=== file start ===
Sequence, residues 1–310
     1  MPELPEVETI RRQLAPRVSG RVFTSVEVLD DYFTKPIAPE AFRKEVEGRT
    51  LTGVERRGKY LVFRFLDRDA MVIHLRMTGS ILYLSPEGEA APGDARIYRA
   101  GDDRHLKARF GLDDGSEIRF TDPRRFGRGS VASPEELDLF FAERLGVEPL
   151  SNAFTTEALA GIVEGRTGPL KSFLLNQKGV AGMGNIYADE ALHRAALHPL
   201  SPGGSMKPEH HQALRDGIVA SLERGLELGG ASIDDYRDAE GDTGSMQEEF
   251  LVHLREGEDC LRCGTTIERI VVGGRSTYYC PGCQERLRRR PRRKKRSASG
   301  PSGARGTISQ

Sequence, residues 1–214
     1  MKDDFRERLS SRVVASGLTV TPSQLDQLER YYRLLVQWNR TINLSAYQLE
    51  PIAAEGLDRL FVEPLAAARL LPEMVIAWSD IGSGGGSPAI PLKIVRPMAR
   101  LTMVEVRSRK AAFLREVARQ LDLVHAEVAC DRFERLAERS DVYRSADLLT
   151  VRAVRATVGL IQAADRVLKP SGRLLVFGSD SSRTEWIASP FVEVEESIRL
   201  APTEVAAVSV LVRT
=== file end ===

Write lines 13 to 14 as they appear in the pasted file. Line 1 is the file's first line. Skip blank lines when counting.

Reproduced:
   151  VRAVRATVGL IQAADRVLKP SGRLLVFGSD SSRTEWIASP FVEVEESIRL
   201  APTEVAAVSV LVRT